Harold J. Quesnel, PhD, P.Ag., R. P. Bio.
Ecotessera Consultants Ltd., 2701 Six Mile Lakes Rd., Nelson, BC V1L 6K8
Lauren Waters, RPF
L. Waters Ltd. Whitehorse, YK
The following is the Executive Summary taken from the complete report. Click here to download the complete report (410KB PDF format).
Alternative harvesting systems in old growth are being evaluated in the Revelstoke area. Integrating mountain caribou (Rangifer tarandus caribou) and timber management is important because a significant proportion of the annual allowable cut will be harvested from old-growth habitat critical for caribou in the Revelstoke area. Alternative silviculture systems that maintain caribou habitat while allowing access to merchantable timber are preferred in caribou management areas.
As part of a study on alternative harvesting systems, windthrow was evaluated at three sites north of Revelstoke. These sites are within the Interior Cedar-Hemlock zone and were harvested using a group selection (patch cut) silviculture system. Twenty-metre wide transects (or strip plots) were located around the perimeter of recently harvested small openings. Transects were also located in unharvested areas. Post-harvest results are presented for windthrow transects monitored for five years at the Keystone site, and for three years at Gregson Road and Lookout Mountain sites. At each site, the four treatments being compared are:
After five years at the Keystone site, there is no difference in the windthrow rate for total density and total basal area along the edge of group selections, in the unharvested buffers, and on the edge of small patches harvested along the boundaries of old clearcuts. Yearly rates for total windthrow density in the large unharvested area were comparable in magnitude to the unharvested buffer areas between the group selections. At the Keystone site, rates for total windthrow during 1998 were significantly greater than the rates for last three years of measurements. The lack of differences between treatments indicates that the edges of the 1-2 ha patches at this site are not suffering significantly more windthrow than unharvested areas. Analysis using data from the other two sites plus the large unharvested areas indicated that for three years, no significant differences existed between the four treatments. The only exception occurred the third year after harvesting. During that time period, the unharvested buffers had significantly less windthrow than the average for the inner and outer patches. For total density and total basal area of windthrow, the Keystone site had greater values than the other two sites for the three years after timber harvesting. The lowest rates occurred at the Lookout Mountain site. For the three sites studied, overall windthrow rates of 0.44-1.76 sph (0.08-0.96%)/yr, relative to the pre-harvested stand densities, are comparable to windthrow rates published for other mature or older forests. These rates indicate the relatively low frequency of windthrow north of Revelstoke during the past three years.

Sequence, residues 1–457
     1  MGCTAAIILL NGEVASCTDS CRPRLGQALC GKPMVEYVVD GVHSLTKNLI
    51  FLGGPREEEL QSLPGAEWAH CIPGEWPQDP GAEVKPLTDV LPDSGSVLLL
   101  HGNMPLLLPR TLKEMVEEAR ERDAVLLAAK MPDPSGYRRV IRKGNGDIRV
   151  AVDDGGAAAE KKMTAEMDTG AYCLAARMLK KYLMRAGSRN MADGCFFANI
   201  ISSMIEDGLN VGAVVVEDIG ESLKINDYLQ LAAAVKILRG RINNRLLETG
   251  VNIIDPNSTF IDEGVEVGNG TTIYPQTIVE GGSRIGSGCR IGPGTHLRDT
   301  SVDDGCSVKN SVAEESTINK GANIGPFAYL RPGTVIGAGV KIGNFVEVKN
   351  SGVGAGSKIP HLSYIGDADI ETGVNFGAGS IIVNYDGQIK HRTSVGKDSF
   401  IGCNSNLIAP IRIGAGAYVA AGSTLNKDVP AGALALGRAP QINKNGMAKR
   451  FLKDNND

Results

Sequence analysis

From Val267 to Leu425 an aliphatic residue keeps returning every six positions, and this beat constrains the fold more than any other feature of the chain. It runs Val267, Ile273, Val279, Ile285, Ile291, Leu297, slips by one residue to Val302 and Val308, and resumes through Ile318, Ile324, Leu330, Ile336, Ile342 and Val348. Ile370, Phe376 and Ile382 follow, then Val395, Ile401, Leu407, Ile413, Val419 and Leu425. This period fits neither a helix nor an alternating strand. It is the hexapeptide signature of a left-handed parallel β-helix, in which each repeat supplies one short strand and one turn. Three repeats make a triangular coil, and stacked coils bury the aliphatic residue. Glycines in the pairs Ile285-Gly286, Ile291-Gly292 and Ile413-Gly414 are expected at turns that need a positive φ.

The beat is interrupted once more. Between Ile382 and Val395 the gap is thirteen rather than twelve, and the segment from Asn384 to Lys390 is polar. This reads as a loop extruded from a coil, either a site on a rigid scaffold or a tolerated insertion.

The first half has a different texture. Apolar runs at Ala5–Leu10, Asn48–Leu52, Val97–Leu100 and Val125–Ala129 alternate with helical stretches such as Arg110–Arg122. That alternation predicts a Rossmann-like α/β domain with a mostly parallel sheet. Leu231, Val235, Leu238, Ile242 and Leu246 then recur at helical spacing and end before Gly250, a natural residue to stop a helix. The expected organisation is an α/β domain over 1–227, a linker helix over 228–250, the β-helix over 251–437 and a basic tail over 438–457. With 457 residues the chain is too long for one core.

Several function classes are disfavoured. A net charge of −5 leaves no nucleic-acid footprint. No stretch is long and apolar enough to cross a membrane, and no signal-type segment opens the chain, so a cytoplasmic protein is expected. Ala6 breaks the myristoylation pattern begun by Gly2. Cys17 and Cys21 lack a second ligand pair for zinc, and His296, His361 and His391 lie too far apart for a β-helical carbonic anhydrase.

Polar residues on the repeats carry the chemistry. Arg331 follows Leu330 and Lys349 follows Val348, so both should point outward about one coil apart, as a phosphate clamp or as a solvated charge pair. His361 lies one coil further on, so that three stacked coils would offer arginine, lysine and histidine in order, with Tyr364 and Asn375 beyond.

Windthrow rates for snags were unaffected by treatment. For example, the five year average for the large unharvested area at Keystone (0.90 sph) is comparable to values from the other three treatments (0.65-0.94 sph). The small patch harvesting in this study is not yielding a significantly greater rate of snag fall, relative to the large unharvested area. However, snags were more susceptible to windthrow than live trees. Pre-treatment stands were 7-11% dead while 40-62% of the windthrown trees were dead. These rates for dead trees were based on the first three years of harvesting across all three sites. Silvicultural systems in the study area, designed for wildlife management, will have to acknowledge and adjust for greater windthrow rates for snags.
Across all treatments and sites, most windthrown trees were western hemlock (Tsuga heterophylla) followed by western red cedar (Thuja plicata). A relatively high proportion of the stems of each species were dead. These windthrow rates by species generally reflect the species composition of the original, pre-treatment stand and are not a treatment effect. The orientation of windthrown trees and local valley systems indicate that easterly, followed by northerly or westerly winds, cause most of the windthrow on the Keystone site. The Gregson Road site has a similar pattern but lower rates. The Lookout Mountain site had low rates in all directions.
Columbia Mountains Institute of Applied Ecology
Box 2568 Revelstoke, B.C. V0E 2S0
Tel: 250-837-9311 Fax: 250-837-9311